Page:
‘Second we waste hundreds of billions of dollars [Editor’s note: estimated at a $55.6 Billion Price Tag Large, But Not a Key Driver of Total Health Care Spending] …due to lawsuit abuse in this country, the practice of defensive medicine and instead of just putting a band-aid on it, we propose a bold and robust solution that would allow physicians through practice guidelines [Editor’s note: Evidence Based Medicine, or so-called “cookbook medicine” by the AMA] to basically have a “safe harbor” [Editor’s note legal CYA] if your doctor does the right thing for a given diagnosis or given set of symptoms then they ought to be able to use that as an affirmative defense in a court of law – that’s the kind of proposal that we put forward.’

‘And third in addition the healthcare system that works for patients is one the must respect the physician patient relationship [Editor’s note: typically third party disintermediated practice, i.e. direct practice, concierge medicine, retainer or membership models] and so what we do is incentivize the highest quality of care without bureaucratic intervention. This better way, this plan right here that puts forward positive commonsense solutions for Medicare, Medicaid and for the larger healthcare arena so that we respect the principles of accessibility, of affordability of quality and of choices…’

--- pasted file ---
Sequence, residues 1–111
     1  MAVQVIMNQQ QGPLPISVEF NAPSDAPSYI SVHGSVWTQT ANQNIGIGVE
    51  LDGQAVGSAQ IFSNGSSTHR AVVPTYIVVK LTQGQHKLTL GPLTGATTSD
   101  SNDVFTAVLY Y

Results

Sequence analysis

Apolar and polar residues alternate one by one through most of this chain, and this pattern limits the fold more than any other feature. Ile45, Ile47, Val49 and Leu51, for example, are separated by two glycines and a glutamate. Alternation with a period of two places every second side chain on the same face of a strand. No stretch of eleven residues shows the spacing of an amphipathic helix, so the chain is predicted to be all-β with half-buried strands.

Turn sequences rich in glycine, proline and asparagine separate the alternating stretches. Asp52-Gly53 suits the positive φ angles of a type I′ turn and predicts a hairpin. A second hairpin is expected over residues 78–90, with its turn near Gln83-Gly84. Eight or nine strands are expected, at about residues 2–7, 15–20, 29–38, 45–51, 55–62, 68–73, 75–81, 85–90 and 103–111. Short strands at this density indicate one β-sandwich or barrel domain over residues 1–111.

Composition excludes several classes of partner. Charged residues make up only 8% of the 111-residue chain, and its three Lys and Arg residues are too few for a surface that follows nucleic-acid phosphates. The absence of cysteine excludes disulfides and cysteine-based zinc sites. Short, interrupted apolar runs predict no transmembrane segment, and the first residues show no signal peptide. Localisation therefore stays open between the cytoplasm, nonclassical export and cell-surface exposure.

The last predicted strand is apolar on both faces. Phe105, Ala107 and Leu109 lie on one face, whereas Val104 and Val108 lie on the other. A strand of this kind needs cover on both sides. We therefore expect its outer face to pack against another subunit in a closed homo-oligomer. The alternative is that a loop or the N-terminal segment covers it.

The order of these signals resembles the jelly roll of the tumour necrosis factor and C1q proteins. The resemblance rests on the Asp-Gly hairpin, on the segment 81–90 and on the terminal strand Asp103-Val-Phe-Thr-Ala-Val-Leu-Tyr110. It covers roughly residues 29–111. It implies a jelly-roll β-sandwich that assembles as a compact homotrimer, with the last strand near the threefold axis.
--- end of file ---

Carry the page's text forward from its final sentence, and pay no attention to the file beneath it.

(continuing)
There is so much fluff here we decided to do a deep dive on ‘PopHealth Week‘ with healthcare thought leaders and former health system and JV enterprise operators Fred Goldstein, Douglas Goldstein and Gregg Masters. We weighed in on some of the provisions of Representative Price’s tantalizing offers to the American people to deliver a viable alternative to the ACA that:

‘allows everybody to have access to the coverage that they want not what the government forces them to buy;

solves the insurance challenges of portability and pre-existing; and

saves hundreds of billions of dollars.’

You be the judge! Or as some may be recently awakening to: ‘Republicans suddenly discover that Obamacare repeal might not be so awesome, after all‘ or ‘Senate GOP Tips Its Hand: An Obamacare Replacement Could Be A Long Way Off‘.

If like me you are interested in how this unfolds I encourage you to follow the conversation on twitter via #PriceWatch and #TrumpCare hashtags.

More will no doubt be revealed! Some earlier context here and here.

Let’s drain the swamp, after all we now what works!

==##==

Trumpcare Resources c/o Fred Goldstein:

https://www.donaldjtrump.com/positions/healthcare-reform

http://www.cbsnews.com/news/what-will-trump-do-about-obamacare/

http://www.politico.com/story/2016/11/obamacare-defenders-vow-total-war-231164

https://www.govtrack.us/congress/bills/114/hr3762/summary

http://healthaffairs.org/blog/2016/11/09/day-one-and-beyond-what-trumps-election-means-for-the-aca/

http://www.commonwealthfund.org/publications/blog/2016/nov/challenges-for-president-elect-trump-and-congress?omnicid=EALERT1125198&mid=fgoldstein@accountablehealthllc.com

https://www.greatagain.gov/policy/healthcare.html

http://www.dailykos.com/story/2016/10/23/1584745/-Paul-Ryan-has-three-great-ideas-to-improve-Obamacare

http://www.theatlantic.com/health/archive/2016/11/our-bodies-our-trump/507131/

https://www.greatagain.gov/policy/healthcare.html

http://www.commonwealthfund.org/publications/blog/2016/nov/challenges-for-president-elect-trump-and-congress?omnicid=EALERT1125198&mid=fgoldstein@accountablehealthllc.com